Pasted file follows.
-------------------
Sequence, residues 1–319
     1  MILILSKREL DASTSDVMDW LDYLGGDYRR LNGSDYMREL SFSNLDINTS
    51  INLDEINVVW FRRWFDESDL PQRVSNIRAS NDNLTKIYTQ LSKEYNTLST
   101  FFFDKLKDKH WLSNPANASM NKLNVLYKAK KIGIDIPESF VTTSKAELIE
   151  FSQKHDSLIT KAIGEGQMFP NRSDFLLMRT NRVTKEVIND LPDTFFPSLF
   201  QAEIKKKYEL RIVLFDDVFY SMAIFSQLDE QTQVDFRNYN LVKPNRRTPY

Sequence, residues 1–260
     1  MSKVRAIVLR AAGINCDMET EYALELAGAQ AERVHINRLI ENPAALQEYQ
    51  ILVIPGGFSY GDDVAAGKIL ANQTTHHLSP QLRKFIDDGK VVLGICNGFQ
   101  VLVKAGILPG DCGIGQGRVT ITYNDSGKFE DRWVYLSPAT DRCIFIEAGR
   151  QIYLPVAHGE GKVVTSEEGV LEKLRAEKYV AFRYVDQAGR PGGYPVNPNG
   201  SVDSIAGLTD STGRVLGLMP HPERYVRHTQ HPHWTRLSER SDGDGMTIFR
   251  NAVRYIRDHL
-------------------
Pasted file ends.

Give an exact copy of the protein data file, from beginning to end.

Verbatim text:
Sequence, residues 1–319
     1  MILILSKREL DASTSDVMDW LDYLGGDYRR LNGSDYMREL SFSNLDINTS
    51  INLDEINVVW FRRWFDESDL PQRVSNIRAS NDNLTKIYTQ LSKEYNTLST
   101  FFFDKLKDKH WLSNPANASM NKLNVLYKAK KIGIDIPESF VTTSKAELIE
   151  FSQKHDSLIT KAIGEGQMFP NRSDFLLMRT NRVTKEVIND LPDTFFPSLF
   201  QAEIKKKYEL RIVLFDDVFY SMAIFSQLDE QTQVDFRNYN LVKPNRRTPY

Sequence, residues 1–260
     1  MSKVRAIVLR AAGINCDMET EYALELAGAQ AERVHINRLI ENPAALQEYQ
    51  ILVIPGGFSY GDDVAAGKIL ANQTTHHLSP QLRKFIDDGK VVLGICNGFQ
   101  VLVKAGILPG DCGIGQGRVT ITYNDSGKFE DRWVYLSPAT DRCIFIEAGR
   151  QIYLPVAHGE GKVVTSEEGV LEKLRAEKYV AFRYVDQAGR PGGYPVNPNG
   201  SVDSIAGLTD STGRVLGLMP HPERYVRHTQ HPHWTRLSER SDGDGMTIFR
   251  NAVRYIRDHL